So it was that the Bill finally gained a majority vote in its favour in the Lords, and The Great Reform Act, the Representation of the People Act 1832, finally came into existence gaining Royal assent on June 7, 1832.

Passage of Bills through Parliament

What Was Achieved

Following the act the franchise was extended but that still only meant 5 % of the country was able to vote. Previously it had been 3%. 

Some Freemen, not living in the town they were freemen of, lost the right to vote and, as for the first time the act defined a voter as a ‘male person’ therefore, women totally lost that right. 

  • 56 boroughs in England and Wales were disenfranchised, or lost their M.P.s
  • 31 were reduced to only one M.P.
  • 67 new constituencies were created or gained M.P.s
  • the franchise’s, or rights to vote, governed by property qualification in the counties were broadened, to include small landowners, tenant farmers, and shopkeepers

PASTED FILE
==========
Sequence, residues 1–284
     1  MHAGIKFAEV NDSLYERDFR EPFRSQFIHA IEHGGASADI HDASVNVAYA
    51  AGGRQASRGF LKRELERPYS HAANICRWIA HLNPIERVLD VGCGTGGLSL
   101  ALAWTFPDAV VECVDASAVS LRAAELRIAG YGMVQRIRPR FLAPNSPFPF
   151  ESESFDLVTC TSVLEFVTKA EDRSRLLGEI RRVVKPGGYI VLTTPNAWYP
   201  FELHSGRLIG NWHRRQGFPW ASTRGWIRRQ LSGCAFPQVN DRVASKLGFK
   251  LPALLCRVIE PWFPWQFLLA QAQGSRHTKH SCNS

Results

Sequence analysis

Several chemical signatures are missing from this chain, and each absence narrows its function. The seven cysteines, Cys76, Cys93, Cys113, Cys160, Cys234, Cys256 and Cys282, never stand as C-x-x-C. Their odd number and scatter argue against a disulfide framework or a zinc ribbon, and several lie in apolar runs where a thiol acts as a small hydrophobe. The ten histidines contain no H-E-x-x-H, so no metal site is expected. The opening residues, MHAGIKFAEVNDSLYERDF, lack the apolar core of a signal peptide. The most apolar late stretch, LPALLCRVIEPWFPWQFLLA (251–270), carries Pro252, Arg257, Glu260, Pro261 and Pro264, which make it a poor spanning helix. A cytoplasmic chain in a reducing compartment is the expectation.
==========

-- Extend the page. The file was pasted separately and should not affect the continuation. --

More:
• A uniform franchise in the boroughs was created, giving the vote to all householders who paid a yearly rental of £10 or more and some lodgers

In Deal & Walmer

The Act also introduced a system of voter registration, to be administered by the overseers of the poor in every parish and township. The printer and bookseller Edward Hayward  produced and printed a list of voters entitled to vote for the ‘Two Knights of the Shire, for the Eastern Division of the County of Kent in respect to property situate within the Parish of Deal’. This could be purchased for a shilling.

The List of Voters Entitled to Vote in Deal & Walmer
Deal Museum POL/1/2

A General Election